Is the Rolls-Royce share price NOW too cheap for investors to ignore?

Fresh fears over a global banking crisis have sent shares across the FTSE 100 plummeting again. Engine builder Rolls-Royce’s (LSE:RR.) share price has dropped another 3% in end-of-week trading. It was last dealing at 142.9p per share.

The blue chip has now fallen 11% from the multi-year highs of 160p struck a fortnight ago. It now trades on a forward price-to-earnings growth (PEG) ratio of just 0.2.

Any reading below one indicates that a stock is undervalued. Yet I for one won’t be planning to add this FTSE faller to my own shares portfolio. Here’s why I think investors should avoid Rolls-Royce shares.


Revenues and profits have rebounded robustly following the end of Covid-19 lockdowns. The business makes most of its profits from the servicing of civil aeroplane engines, demand for which has soared as people have taken to the skies again.

The outlook here has improved since late 2022 following the loosening of pandemic restrictions in China, too. In fact emerging markets like this create incredible long-term profits opportunities for companies like Rolls-Royce.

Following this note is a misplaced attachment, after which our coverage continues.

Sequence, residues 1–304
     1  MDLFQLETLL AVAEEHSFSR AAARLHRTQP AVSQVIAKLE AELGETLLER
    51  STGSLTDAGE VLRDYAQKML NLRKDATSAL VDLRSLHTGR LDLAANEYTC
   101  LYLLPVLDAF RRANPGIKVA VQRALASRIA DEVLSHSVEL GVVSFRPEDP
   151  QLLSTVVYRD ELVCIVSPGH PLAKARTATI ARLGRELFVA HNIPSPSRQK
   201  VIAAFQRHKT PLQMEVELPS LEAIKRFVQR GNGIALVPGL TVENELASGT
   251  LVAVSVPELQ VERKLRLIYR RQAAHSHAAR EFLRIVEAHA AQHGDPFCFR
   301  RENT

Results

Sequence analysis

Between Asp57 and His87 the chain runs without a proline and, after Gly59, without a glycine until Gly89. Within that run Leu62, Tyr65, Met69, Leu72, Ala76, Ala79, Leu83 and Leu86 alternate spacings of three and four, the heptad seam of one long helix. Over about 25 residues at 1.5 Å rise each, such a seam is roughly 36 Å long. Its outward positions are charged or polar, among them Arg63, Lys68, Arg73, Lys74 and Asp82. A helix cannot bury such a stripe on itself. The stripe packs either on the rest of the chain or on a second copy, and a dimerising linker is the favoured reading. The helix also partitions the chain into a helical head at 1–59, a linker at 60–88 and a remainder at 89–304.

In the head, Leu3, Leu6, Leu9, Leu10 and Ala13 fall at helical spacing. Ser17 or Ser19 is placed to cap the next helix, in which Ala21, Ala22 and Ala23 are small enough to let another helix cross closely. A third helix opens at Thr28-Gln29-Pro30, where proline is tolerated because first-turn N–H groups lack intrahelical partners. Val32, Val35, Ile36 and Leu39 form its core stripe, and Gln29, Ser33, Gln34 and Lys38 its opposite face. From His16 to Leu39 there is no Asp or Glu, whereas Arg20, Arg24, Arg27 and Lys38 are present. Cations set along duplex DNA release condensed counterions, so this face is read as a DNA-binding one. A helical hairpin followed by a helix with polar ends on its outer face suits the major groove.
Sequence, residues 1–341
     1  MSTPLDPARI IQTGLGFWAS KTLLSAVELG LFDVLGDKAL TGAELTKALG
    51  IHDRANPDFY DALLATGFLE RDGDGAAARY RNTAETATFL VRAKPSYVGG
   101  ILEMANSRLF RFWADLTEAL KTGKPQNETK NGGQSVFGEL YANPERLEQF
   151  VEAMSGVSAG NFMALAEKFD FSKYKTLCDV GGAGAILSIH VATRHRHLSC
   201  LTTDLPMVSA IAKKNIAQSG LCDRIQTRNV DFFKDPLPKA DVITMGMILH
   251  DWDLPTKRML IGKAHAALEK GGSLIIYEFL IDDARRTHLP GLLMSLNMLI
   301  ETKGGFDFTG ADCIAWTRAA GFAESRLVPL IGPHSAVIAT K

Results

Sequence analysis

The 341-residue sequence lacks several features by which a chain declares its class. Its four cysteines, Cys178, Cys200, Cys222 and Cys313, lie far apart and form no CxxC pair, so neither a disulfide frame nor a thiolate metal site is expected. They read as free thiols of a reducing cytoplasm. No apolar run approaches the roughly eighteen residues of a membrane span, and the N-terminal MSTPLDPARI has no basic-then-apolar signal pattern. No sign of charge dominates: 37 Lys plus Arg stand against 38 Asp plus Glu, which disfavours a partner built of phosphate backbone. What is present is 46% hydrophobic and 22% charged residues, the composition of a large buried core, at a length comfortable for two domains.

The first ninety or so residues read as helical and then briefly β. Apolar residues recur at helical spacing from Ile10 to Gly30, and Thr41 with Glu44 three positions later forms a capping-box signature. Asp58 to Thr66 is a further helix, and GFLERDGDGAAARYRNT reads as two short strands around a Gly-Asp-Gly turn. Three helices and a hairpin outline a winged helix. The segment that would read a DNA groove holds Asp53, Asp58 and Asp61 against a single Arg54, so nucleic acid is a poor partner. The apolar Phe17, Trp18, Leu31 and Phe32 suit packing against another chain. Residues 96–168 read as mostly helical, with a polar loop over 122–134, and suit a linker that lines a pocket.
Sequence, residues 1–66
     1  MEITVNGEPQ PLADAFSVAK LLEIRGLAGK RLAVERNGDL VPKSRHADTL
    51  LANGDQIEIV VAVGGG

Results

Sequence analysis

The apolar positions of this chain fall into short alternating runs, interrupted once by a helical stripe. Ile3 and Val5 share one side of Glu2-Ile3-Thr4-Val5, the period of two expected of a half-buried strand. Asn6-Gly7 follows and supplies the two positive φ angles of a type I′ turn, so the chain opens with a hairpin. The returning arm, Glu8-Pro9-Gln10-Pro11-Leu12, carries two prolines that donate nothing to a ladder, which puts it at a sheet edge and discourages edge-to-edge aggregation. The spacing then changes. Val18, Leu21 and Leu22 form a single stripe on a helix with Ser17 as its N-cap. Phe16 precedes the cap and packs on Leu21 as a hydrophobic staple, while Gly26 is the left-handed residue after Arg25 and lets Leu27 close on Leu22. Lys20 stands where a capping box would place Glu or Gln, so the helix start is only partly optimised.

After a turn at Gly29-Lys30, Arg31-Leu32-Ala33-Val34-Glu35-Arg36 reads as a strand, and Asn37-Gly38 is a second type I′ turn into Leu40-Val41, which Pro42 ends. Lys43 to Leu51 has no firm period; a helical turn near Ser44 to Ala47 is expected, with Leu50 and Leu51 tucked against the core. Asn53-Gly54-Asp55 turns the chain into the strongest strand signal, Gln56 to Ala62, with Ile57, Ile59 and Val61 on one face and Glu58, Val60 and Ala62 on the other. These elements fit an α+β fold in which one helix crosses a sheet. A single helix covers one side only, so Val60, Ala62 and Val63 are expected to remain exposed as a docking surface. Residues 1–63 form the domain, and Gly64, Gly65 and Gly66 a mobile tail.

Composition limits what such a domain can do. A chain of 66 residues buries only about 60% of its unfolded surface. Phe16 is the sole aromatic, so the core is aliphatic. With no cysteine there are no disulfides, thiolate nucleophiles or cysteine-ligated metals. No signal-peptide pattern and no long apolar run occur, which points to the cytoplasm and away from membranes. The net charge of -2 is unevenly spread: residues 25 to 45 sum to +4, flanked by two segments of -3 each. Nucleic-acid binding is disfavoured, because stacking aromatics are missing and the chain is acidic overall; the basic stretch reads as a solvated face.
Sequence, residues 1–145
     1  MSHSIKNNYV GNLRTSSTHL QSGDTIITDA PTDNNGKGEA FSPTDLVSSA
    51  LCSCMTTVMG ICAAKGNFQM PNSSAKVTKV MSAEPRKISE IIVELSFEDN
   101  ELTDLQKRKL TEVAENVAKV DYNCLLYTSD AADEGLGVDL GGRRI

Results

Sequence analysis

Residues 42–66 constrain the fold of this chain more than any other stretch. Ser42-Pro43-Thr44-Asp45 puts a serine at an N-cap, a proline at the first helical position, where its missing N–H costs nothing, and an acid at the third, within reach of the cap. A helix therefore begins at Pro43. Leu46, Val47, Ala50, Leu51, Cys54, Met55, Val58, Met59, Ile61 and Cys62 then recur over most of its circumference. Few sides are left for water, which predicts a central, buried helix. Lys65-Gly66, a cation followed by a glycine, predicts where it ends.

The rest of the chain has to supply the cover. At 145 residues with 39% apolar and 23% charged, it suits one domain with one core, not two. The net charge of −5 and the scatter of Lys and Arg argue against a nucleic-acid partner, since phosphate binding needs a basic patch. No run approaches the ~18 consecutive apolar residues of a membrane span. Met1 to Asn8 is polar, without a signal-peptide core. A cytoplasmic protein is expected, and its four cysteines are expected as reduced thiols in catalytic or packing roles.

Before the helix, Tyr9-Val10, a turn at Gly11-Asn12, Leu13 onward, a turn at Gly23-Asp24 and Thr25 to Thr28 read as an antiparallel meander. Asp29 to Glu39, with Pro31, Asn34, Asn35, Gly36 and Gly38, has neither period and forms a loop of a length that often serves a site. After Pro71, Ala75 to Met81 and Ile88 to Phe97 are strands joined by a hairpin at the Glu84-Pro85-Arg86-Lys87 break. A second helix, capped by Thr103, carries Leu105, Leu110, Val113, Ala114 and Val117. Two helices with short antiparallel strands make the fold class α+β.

The number of jets in operation is tipped to balloon in the coming decades as traveller numbers from Asia, Africa, and Latin America balloon. Airbus predicts that global passenger traffic will grow at an average of 3.6% a year during the next 20 years.

As airlines build their fleets to accommodate this, Rolls could see engine orders and aftermarket revenues leap from current levels.


Yet despite this I’m not tempted to buy Rolls-Royce shares. My first concern is that its recent sales and earnings recovery could grind to a halt if the travel industry turns lower again.

High inflation and central bank rate hikes pose an ongoing threat to ticket demand from holidaymakers and business travellers. And if contagion across the banking sector spreads and the global economy sinks, travel activity could fall off a cliff.

Many cyclical shares face near-term uncertainty in the current climate. But I’m especially worried for Rolls given the huge debts on its balance sheet. The costs of servicing its £3.3bn worth of net debt is colossal. And it will struggle to get this paid down if revenues suddenly dry up.

Analysts at JP Morgan recently branded new chief executive Tufan Erginbilgic’s plan to organically de-leverage the balance sheet as a “risky strategy”. They commented that the plan leaves the company “highly vulnerable to any unexpected shocks in the next few years”.

There are a number of factors in play I believe could see such a shock materialising.

A share I’d avoid

I’m also concerned that Rolls-Royce may fail to effectively capitalise on long-term growth in civil aviation.

It faces severe competition from industry giants like GE Aviation and Pratt & Whitney to sell engines. These companies also represent a huge threat to the FTSE firm’s planned return to the narrowbody aircraft market.

As I say, Rolls-Royce’s share price looks cheap on paper. But on balance I think there are more attractive UK value stocks to buy right now.

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